person signing documents

For example, the first track fund for the Climate Resilience Regional Challenge, or the Regional Collaborative Building and Strategy Development fund – can help organizations, communities, and education systems to:

  • Cultivate new partnerships for greater availability of resources, engage with communities that are not on everyone’s radar to support in the midst of climate change;
  • Improve risk assessment, management, and mitigation to help develop new climate resilience strategies and plans to implement tangible actions;
  • Build a sense of community in fighting against climate change

In addition to the Climate Resilience Regional Challenge helping vulnerable targets to prepare for future predicaments caused by climate change, the second track funding, or funding for the Implementation of Resilience and Adaptation Actions  – can help areas to proceed with the following: 

  • Improve their current infrastructure to be more resilient to natural disasters caused by climate change;
  • Allowing for better access to natural resources alongside the coast;
  • Developing back-up plans in case evacuation is necessary in the area;
  • Encouraging state and local environmental legislation to be updated wherever necessary 

👉 The first track funding in the Climate Resilience Regional Challenge will help companies to be more reactive to climate change, whereas the second track will focus on encouraging communities to be more proactive against climate change.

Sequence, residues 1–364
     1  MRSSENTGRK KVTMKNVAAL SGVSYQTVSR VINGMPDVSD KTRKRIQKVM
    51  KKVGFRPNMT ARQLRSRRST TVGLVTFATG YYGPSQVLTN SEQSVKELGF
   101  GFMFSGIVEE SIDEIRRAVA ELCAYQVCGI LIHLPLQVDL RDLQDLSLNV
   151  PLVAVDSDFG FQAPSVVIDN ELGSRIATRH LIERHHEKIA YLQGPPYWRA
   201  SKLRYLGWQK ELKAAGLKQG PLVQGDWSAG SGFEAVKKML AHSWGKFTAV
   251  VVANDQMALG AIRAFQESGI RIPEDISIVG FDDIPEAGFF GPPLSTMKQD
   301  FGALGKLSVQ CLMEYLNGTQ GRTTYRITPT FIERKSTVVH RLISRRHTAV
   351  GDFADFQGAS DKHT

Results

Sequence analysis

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What will set the Climate Resilience Regional Challenge apart from other environmental regulations presented previously?

It’s easy to wonder why the Climate Resilience Regional Challenge will be any different than some of the previous and recent efforts passed to help deter climate change – but there is one very distinguishable quality to be said of the Climate Resilience Regional Challenge: its personable approach.

The Climate Resilience Regional Challenge will allow communities and entities with the freedom to propose personalized plans that could help them more specifically than a general nation-wide (or even state-wide) protocol could. In addition to this, the Climate Resilience Regional Challenge will also give these communities intrinsic motivation to proceed with their climate resilience plans – as they will be the ones to draft them in the first place.

For example, universities seeking to improve energy efficiency based on how their school systems function or cities like New Orleans developing ideas that can help them to be more climate resilient without sacrificing their cultural traditions.

street view of new orleans

💡 Think of the Climate Resilience Regional Challenge like the difference between an independent study and a typical internship – the independent study is likely to be more personal to the student than an internship, and will result in greater intrinsic motivation to complete the project as opposed to acquiring general work skills from an internship that may not apply to all or be effective in the future. 

Ultimately, the Climate Resilience Regional Challenge will help to provide financial resources across federal, state, and regional levels while also highlighting the need to improve climate resilience for vulnerable communities. We all tend to work a little harder when it’s an idea we proposed ourselves, and that’s exactly the goal that the Climate Resilience Regional Challenge has in mind

What about Greenly? 

If reading this article about the Climate Resilience Regional Challenge and its efforts to prevent rising sea levels and protect coastal towns has made you interested in reducing your carbon emissions to further fight against climate change – Greenly can help you!

The Climate Resilience Regional Challenge is just one of the many environmental policies, methods, and tools being developed to take control of climate change. Check out our legislation tracker here to see which rules your company has to adhere to.

Greenly can help you make an environmental change for the better, starting with a carbon footprint assessment to know how much carbon emissions your company produces.